I know the following sighting is in NH, but just across the river from VT -
This afternoon (3/30) I had what was probably a hybrid ROSS' x SNOW GOOSE in
Charlestown, NH in a field along the Connecticut River. This bird was in a
flock of about 50 snows in a farmer's field along the west side of Route 12,
about a mile or so south of Charlestown Center (a couple miles N of the
12/12A intersection). Other birds in the field were 1 BRANT, about 500
Canadas, 1 farm-Graylag type goose, and numerous mallards and black ducks.
Distance to the goose was about 50-75 yards or so (I'm not too good as
estimating distances). The white geese were generally in the back of the
flock farthest from the road (ugh!) and the brant tended to hang around in or
near the snows.
The Ross x Snow was about 2/3 the size of the Snow geese it was with, with
respect to body length, height, body girth, leg length and neck length. It
was only a bit larger than a male mallard - direct comparison when these two
birds were side by side. What was particularly striking was that the head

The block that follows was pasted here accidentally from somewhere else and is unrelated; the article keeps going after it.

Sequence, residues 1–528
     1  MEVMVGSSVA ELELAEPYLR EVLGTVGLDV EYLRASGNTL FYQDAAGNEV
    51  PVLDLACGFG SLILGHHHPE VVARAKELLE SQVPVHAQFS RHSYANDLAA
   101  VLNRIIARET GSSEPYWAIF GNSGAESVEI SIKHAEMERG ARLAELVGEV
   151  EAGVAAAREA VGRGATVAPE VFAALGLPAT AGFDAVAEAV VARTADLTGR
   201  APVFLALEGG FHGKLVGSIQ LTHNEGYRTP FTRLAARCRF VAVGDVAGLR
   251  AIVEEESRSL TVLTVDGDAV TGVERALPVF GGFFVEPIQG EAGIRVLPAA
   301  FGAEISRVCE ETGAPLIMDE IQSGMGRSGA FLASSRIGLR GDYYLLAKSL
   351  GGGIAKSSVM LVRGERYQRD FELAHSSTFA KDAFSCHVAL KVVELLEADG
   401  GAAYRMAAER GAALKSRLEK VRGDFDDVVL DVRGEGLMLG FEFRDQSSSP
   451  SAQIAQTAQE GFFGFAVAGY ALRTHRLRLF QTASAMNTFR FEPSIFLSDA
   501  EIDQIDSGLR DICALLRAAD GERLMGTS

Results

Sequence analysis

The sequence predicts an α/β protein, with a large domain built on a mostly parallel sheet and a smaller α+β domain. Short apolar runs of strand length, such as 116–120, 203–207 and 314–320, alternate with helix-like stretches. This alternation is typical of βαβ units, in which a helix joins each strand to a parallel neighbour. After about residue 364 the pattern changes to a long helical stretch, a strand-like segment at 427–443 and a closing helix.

and neck were at most 1/2 of the thickness of the snows. Bill was shorter
and not nearly as thick and heavy as the snows. Unfortunately, I don't think
the bill was short and stubby enough to be a full-bred Ross'. Also, it
probably showed a small grin patch (but this was difficult to tell for sure
because of the distance). Bird was pure white (with exception of the black
wing tips of course) with no staining around the head (many of the snows had
head staining). Forehead was sloped much more sharply than the snows, giving
the head a rounded look, but again the head did not seem to slope enough to
be a purebred Ross'.
I first found the bird at 2 PM and it was still present when I left at 3 PM.
Members of a local Audubon chapter field trip (can't remember which chapter)
happened by when I had the bird, and they were able to see both this bird and
Parking along the road is very limited and shoulders are very narrow - so be
careful if you try to go after this bird. Also, the field had several hills
that obscured much of the snow goose flock at times. Our best viewing was
from the roadside near the southern end of the field - the extra elevation
helped to look over the small hills. Most of the white goose flock was not
visible from the road near the northern end of the field.
An adult bald eagle flew overhead just before all the goose excitement.
Needless to say, I'd be happy if others could successfully turn it into a
Ross' instead of a hybrid.
I spent much of the day along the Conn. River looking for waterfowl on both
sides of the river. I'll send another e-mail later summarizing the totals.
Good luck to anyone searching for the goose!
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12 Lakin Street
Pepperell, MA 01463